Probably because it's not relevant; what's relevant is the version of the framework you're targetting. The IDE will support everything for the latest framework that was in use at the moment of the release of the IDE.
..and no, the IDE does not dictate the version; that's like having Notepad++ dictate the version-number of Java.
Bastard Programmer from Hell
if you can't read my code, try converting it here[^]
Yes and no. Versions of the C# language are tied to a particular version of the C# compiler (i.e. csc.exe), and those come with a particular version of the .Net Framework – which typically has the same number as the language version, but not always (i.e. .Net 1.1 and .Net 3.5 provide C# 1 and C# 3, but the framework libraries were extended).
The .Net Framework is backward-compatible, so a .Net 2 application will run under 3.5, 4 or 4.5. However, the reverse isn't true: a .Net 4 assembly won't load under .Net 2.0. This is somewhat complicated because the underlying framework didn't change between 2.0 and 3.5, so I think a 3.5 assembly will load on .Net 2.0.
With each edition of .Net, Microsoft also update Visual Studio so that it can target the new platform. That means that if you want to create a project that targets version 4.0 of the .Net Framework you need VS2010, and so on. This is largely because they want you to upgrade, in that the linking process is the same and there's no reason they can't allow you to update configuration files for the old version, although there are sometimes major new features (e.g. WPF or WCF) which you wouldn't get without a new IDE.
In addition, newer IDEs support the syntax of the newer language version, without which autocomplete, syntax highlighting, auto-braces and other in-IDE features wouldn't work. This is a direct linkage between IDE and supported language.
So the short answer is: yes, you need a new enough version of Visual Studio (or whatever IDE you choose to use) to target a particular framework version. But it's not as simple as just language-to-IDE. For any .Net version, you can still code in a text editor and run the compiler on the command line.
Try BitConverter.ToSingle[^] - can't guarantee it will work, it depends on the originator floating point format. If it give ridiculous values, try swapping the byte order:
ABCD -> DCBA
Then try it again.
Ideological Purity is no substitute for being able to stick your thumb down a pipe to stop the water
This will make the floating point equivalent of the 4 byte integer interpretation of the bytes (i.e. "08 01 00 00" will make you 264.0), not the IEEE single precision floating point number represented there.
I'm simply creating the controls from the code behind by calling the respective constructor and now i am looking to make those controls created from code behind draggable though I tried AjaxDragPanelExtender for this but the controls were not retaining their position on postback.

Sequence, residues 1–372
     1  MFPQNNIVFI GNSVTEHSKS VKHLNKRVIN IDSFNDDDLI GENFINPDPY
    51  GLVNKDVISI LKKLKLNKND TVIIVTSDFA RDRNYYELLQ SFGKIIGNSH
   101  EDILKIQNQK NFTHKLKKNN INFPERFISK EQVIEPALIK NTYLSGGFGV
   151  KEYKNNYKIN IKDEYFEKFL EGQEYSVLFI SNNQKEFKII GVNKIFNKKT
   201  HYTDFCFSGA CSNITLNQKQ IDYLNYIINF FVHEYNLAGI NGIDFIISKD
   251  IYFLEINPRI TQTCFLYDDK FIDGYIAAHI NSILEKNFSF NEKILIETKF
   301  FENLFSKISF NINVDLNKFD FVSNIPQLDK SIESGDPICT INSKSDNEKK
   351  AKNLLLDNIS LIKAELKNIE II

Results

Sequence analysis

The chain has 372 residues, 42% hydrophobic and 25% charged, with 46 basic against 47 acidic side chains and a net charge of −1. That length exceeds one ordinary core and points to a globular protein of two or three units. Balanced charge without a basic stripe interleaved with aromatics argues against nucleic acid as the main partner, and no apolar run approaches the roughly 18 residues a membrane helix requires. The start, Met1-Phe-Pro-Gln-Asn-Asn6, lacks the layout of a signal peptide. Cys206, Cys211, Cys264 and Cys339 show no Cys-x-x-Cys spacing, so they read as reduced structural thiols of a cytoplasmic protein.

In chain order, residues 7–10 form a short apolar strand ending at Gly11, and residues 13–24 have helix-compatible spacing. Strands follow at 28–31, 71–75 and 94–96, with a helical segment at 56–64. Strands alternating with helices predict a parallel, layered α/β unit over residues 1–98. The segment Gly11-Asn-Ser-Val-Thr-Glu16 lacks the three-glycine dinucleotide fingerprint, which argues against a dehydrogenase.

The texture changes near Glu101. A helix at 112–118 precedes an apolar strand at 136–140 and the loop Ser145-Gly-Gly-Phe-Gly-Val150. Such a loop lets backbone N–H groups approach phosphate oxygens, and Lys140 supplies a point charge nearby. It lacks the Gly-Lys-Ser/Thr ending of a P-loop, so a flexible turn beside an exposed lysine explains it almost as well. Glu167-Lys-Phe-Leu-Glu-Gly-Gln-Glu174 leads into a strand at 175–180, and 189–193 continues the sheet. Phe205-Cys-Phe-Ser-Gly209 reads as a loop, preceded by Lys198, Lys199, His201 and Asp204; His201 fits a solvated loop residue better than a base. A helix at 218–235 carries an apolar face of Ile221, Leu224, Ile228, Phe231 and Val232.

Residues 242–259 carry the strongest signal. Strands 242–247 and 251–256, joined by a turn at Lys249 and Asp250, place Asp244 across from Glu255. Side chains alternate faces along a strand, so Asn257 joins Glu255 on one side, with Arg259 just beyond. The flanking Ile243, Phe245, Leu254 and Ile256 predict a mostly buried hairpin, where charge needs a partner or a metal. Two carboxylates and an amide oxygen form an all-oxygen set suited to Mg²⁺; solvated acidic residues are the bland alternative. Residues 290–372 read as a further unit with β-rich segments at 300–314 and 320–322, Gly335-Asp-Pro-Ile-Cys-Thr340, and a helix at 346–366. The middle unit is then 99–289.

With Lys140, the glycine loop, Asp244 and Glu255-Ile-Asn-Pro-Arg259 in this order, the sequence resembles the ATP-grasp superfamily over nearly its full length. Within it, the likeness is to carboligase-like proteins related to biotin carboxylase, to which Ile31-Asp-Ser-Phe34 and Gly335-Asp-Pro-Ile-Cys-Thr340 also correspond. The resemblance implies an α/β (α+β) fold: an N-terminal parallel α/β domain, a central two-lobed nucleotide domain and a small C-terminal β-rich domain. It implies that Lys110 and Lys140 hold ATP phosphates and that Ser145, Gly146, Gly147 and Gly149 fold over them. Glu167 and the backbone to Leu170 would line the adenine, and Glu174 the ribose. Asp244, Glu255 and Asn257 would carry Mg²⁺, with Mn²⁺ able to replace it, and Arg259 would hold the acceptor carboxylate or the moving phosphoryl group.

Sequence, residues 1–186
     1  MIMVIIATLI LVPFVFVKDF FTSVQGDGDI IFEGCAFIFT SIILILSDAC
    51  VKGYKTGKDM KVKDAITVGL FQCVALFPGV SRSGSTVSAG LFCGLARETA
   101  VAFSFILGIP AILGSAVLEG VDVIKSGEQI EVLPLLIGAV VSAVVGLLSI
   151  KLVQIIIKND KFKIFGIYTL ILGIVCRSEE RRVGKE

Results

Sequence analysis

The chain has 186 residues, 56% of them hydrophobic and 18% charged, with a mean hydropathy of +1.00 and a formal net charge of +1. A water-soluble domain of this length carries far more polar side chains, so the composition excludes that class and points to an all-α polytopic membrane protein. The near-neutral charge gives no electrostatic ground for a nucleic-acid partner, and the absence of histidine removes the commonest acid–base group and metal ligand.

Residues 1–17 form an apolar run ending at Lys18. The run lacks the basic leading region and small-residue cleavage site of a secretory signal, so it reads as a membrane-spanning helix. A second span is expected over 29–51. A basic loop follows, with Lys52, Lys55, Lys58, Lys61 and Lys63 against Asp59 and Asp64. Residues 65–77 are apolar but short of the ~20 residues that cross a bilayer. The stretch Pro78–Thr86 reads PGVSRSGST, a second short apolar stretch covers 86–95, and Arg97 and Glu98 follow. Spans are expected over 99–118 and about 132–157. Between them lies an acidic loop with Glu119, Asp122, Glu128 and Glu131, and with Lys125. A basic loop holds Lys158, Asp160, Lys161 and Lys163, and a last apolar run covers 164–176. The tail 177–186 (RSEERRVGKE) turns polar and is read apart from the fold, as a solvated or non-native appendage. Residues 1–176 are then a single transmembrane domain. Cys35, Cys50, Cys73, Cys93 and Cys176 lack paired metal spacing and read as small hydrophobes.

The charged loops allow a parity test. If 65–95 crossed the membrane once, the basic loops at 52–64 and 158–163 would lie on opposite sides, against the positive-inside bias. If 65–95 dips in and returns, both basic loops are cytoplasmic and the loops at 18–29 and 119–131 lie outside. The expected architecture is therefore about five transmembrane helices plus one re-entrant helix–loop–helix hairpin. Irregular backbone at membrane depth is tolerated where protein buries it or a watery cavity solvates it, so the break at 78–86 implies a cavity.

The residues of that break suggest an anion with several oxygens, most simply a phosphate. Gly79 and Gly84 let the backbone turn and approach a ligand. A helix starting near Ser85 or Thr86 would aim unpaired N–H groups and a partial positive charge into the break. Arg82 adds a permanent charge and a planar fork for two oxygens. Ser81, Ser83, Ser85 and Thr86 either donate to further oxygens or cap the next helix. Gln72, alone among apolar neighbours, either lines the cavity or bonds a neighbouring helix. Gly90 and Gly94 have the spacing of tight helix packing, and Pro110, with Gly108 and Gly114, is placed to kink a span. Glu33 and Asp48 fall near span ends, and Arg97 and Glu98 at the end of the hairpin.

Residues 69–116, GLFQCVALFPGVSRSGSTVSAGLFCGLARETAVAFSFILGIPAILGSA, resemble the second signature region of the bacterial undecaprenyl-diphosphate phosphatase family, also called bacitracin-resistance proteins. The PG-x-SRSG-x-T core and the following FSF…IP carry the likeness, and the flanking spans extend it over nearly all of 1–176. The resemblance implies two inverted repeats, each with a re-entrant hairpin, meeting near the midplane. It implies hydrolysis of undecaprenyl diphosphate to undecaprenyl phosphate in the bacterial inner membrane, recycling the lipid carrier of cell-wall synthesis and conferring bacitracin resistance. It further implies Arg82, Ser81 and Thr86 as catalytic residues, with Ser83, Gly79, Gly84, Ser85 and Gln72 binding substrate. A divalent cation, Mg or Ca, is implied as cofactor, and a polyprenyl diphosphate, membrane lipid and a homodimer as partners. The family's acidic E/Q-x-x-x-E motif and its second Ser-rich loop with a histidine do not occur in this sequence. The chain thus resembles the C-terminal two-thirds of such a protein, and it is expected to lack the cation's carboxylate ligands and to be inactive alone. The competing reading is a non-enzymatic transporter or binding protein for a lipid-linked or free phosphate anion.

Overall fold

FirstOrDefault is your clue. If not found, it will return the default value for DateTime which is DateTime.MinValue.
if (complete_date != DateTime.MinValue)
if (complete_date != default(DateTime))
null is default for reference types such as classes and interfaces, for value types such as structs there is normally a static readonly field or property available such as MinValue or Empty, or you can use the parameterless constructor to get the default, or default(...) as above.
DateTime is a ValueKind, so comparing it with null isn't very useful (it'll always not be null).
If your LINQ query doesn't find any rows, then FirstOrDefault() will return a default instance of the requested data type (DateTime, in this case).
There's a clue in the name
If you want to know if you found any rows or not, either test the query first (e.g. Any()) before evaluating First(), or compare the returned value with the default DateTime value (DateTime.MinValue, IIRC). If you do that however, you won't be able to tell the difference between no rows, and rows where the first had the minimum datetime value.
SELECT CASE WHEN COALESCE(title2, title)='RUNTIME PARAMETER'
It is ok but I want them not to be written in the function because anyone developer can mess it up. There will be lot of queries which will get run time parameters also from functions.
I want it somewhere so that it is safe. But it should be available during run time, means if i want to replace a query the i should be able to so that without the need of building and deploying the files.
One way i was thinking is to use either resource files or config files but i cannot make mind. I don't want the performance to take a hit yet to maintain flexibility and maintainability.
Using resource files means to load read text which will incur some performance loss but is better than config files as they are not safe and easily readable.
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